Fri May 17, 2013 11:37 am
Thanks for posting this. Pretty interesting to see what Naniwa has to say on the subject. I also think it is interesting that Veggies and seafood are suggested beyond home use. I would think that home use would mostly be veggie prep. I guess that is what the 1k-1.5k overlap is for.
Question about the sword though . . .
Why such high polish on something that theoretically would be one of the most roughly used edges of the bunch. It this polish just cosmetic or is there something functional about the edge being highly polished?
Fri May 17, 2013 2:10 pm
They don't exactly promote their highest grits. Would it be a matter of credibility?
Fri May 17, 2013 3:12 pm
I think it is a realistic approach by Naniwa and it bears credence for me because it reflects what the good folks on the forums have been telling me for a long time. If I was a smarter man, I would have listened to them sooner.
Fri May 17, 2013 3:53 pm
Sailor wrote:I think it is a realistic approach by Naniwa and it bears credence for me because it reflects what the good folks on the forums have been telling me for a long time. If I was a smarter man, I would have listened to them sooner.
+1 Except for the that fact that I have only been sharpening for a little over 6 months so I have started to listen to them sooner.
Mon May 20, 2013 4:54 am
Here's how I deal with softer steels. http://www.youtube.com/watch?v=8VPCvd5hUVQ
Badboy, per your sword question. Swords work on a different cutting physics which is more like a heavy chopper. Think push cut.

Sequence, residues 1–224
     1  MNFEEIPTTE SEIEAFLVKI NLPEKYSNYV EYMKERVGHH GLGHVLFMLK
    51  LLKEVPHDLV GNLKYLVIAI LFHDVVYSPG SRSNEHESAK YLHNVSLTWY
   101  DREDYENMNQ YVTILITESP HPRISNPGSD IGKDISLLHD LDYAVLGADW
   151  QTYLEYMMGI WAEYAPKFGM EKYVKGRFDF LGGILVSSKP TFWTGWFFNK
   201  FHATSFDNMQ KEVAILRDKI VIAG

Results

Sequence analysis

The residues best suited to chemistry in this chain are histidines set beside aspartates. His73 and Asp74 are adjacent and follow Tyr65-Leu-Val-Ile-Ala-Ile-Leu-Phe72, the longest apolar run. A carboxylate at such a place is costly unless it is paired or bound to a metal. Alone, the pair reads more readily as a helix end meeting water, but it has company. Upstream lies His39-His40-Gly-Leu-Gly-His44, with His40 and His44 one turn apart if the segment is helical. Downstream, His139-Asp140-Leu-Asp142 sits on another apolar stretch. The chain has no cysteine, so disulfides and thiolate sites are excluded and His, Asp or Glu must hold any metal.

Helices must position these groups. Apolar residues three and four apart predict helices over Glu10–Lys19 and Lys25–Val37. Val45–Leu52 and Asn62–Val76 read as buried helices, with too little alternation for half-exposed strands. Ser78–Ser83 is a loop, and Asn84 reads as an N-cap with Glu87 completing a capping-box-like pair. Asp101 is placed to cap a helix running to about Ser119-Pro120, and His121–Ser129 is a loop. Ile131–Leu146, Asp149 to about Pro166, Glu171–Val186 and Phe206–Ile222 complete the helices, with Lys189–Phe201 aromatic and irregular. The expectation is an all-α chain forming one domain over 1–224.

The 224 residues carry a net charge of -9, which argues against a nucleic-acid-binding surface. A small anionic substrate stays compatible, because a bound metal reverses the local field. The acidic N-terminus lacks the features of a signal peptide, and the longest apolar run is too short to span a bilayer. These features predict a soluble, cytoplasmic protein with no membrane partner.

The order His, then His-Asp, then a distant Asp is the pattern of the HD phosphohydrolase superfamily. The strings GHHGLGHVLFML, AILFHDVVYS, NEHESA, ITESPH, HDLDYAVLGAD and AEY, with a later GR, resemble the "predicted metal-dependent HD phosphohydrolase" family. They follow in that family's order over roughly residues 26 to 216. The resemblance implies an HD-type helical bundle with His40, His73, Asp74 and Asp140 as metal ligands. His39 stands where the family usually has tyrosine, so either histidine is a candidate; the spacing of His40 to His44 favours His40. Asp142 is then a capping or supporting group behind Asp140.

And looking good it part of it too though more of a after effect.
Mon May 20, 2013 1:57 pm
Finished up my customer's Henckels over the weekend. The blades literally had NO bevel whatsoever but only major indentations on each side of the knife where he clubbed it like a baby seal with his honing rod. He's used them in this condition for over 5 years, and he's a fairly talented chef....amazing. Now I have them in what I like to call, Cut on Contact condition and I feel like I need to sit down and have a full-on safety session with him on knife handling before I turn over his blades, and have him sign a legal document stating I am released from all damages forthwith. lol.
Yea, "Badboy", I had watched a video of a modern day Japanese sword polisher and he made a statement that the actual sharpening of a Katana is completed within the first 4 or 5 stones, the rest is for aesthetic purposes to bring out the beauty of the steel. Interestingly enough, however, historians have discovered some blades coming from the famous Kamakura period (1185 - 1333) that possessed a high level of polish, per the "Art of the Japanese Sword" (Oustanding book by the way).
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